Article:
Serve On's mission to the Philippines has drawn to a close and our team will fly home today after a job well done.

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Together with our friends from Team Rubicon and Dentaid, our volunteers leave behind them a grateful community better prepared for whatever nature might throw at them in future and children in better health and with their schooling and life chances improved.

One of the benefits of the mission was working in partnership with the other two charities.

The team deployed two weeks ago to Manduae City, a suburb of Cebu island's capital, Cebu City, in a collaborative venture to build local resilience and improve education facilities for some of the area's poorest communities.

Straight away our volunteers got to work training students from the local Emergency Response Unit Foundation, teaching them some of our Urban Search and Rescue techniques, such as casualty extraction, coaching them on fire rescue and handling road traffic accident casualties, and instructing them on some of the technical equipment we use.

IRT member Nick Borritt instructs local emergency responders.

IRT member Nick Borritt instructs local emergency responders.

Team leader Craig Elsdon and fellow International Response Team (IRT) member Nick Borritt, who was able to deploy thanks to Dorset and Wiltshire Fire and Rescue, plus Dog Team member James Lewis, were among the Serve On guys who imparted their valuable knowledge to the local emergency responders.

Technical equipment instruction for the local emergency responders.

Technical equipment instruction for the local emergency responders.

Meanwhile, two of our Rescue Rookies, Jazz Williams and Ethan Elsdon, helped coach some of the children in the suburb's schools on the facts behind earthquakes and how best to respond to them. They also assisted all three charities' volunteers in other work.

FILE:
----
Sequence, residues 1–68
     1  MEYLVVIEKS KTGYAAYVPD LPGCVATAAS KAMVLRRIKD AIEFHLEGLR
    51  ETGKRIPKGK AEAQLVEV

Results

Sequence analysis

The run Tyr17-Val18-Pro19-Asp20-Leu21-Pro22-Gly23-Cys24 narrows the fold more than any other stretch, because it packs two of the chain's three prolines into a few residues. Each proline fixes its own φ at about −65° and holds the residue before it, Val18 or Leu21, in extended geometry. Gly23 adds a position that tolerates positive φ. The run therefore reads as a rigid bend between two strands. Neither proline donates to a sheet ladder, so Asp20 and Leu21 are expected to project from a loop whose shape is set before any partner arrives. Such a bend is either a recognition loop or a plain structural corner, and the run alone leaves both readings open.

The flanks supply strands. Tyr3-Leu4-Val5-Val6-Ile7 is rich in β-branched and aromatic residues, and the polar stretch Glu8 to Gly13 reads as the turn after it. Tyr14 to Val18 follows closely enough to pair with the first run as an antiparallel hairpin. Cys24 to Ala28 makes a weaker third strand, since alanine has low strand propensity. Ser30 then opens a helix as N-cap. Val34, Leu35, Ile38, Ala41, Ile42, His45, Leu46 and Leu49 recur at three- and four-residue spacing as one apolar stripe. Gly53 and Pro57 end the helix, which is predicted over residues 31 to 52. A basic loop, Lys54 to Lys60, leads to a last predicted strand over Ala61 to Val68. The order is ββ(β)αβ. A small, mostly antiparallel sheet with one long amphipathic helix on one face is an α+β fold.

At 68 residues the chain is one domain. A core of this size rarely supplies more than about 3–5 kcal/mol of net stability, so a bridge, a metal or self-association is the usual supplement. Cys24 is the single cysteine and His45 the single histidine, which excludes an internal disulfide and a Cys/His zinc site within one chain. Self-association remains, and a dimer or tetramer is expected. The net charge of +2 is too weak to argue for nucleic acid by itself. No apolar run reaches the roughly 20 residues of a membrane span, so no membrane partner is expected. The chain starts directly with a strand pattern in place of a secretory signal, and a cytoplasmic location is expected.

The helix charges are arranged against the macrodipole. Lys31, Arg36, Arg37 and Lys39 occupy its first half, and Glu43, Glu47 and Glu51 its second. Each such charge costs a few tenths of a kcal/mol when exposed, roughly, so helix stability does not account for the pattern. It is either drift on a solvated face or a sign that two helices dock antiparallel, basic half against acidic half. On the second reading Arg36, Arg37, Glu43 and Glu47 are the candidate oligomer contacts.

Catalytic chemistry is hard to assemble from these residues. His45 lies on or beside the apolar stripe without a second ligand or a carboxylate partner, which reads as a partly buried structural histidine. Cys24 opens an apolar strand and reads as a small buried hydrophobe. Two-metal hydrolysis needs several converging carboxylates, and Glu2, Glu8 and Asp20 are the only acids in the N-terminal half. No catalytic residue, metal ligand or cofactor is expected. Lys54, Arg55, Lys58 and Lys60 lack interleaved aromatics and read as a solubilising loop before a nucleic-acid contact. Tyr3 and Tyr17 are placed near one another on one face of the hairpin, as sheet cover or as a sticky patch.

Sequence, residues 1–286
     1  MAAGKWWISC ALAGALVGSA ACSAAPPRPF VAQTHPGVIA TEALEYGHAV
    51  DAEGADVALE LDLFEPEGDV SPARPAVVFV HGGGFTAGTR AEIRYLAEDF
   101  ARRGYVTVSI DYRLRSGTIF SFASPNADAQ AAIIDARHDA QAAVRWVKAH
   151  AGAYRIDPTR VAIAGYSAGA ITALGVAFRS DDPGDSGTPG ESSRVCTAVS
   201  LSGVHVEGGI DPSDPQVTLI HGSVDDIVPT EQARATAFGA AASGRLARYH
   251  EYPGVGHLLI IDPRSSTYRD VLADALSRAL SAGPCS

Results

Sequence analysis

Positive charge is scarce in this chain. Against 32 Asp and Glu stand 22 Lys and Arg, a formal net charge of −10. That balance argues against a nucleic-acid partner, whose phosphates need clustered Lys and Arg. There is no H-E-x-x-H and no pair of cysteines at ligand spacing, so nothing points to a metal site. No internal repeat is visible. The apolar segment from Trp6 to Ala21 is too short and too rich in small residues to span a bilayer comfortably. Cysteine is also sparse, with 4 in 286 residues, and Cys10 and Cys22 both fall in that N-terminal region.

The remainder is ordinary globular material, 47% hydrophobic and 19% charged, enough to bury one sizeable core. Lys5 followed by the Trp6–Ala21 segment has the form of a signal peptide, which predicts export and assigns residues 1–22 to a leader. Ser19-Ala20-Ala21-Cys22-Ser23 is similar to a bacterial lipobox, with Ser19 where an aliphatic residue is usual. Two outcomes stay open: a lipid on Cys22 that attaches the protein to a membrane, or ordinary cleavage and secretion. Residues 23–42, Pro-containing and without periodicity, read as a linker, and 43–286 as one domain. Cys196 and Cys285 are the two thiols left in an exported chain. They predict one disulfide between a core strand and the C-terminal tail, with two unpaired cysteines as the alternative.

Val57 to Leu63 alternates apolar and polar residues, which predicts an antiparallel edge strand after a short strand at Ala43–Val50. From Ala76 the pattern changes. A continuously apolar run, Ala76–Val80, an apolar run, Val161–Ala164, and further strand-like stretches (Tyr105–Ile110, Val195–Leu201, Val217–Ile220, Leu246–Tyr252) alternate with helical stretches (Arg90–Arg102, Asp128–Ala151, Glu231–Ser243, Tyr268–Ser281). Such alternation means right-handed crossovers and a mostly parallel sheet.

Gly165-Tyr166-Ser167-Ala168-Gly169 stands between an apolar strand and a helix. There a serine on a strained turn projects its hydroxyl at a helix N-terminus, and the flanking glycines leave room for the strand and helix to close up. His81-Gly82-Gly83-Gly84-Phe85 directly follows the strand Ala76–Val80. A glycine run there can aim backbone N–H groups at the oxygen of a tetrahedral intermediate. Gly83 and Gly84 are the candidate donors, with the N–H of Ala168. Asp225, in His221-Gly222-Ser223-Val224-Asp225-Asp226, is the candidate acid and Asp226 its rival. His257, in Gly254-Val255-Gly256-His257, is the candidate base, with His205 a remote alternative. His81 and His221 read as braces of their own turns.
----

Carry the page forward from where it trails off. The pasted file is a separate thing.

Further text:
The joint mission by the charities was centred around the Umapad Elementary School in Manduae which provides education for a group known as 'the scavenger children' whose homes are on the local rubbish dump and who make a living by recycling other people's waste.

Jazz teaching some of the Manduae school children.

Jazz teaching some of the Manduae school children.

Using the local school as a base, Dentaid experts brought smiles to hundreds of children, training them in oral hygiene and performing scores of necessary extractions.

Team Rubicon UK got to work rebuilding desperately-needed school classrooms for the under-privileged children in the area for whom the threat of earthquakes is a daily fear.

The 7,000 islands that make up the Philippines lie on a major fault line which means they are subject to some of the world's worst natural disasters such as flooding, volcanoes and earthquakes, and Cebu island, south of Manila, has regularly suffered the consequences.

James Lewis teaching some of the children about earthquakes.

James Lewis teaching some of the children about earthquakes.

Local TV report on our team's work (starts at 25 minutes into programme.)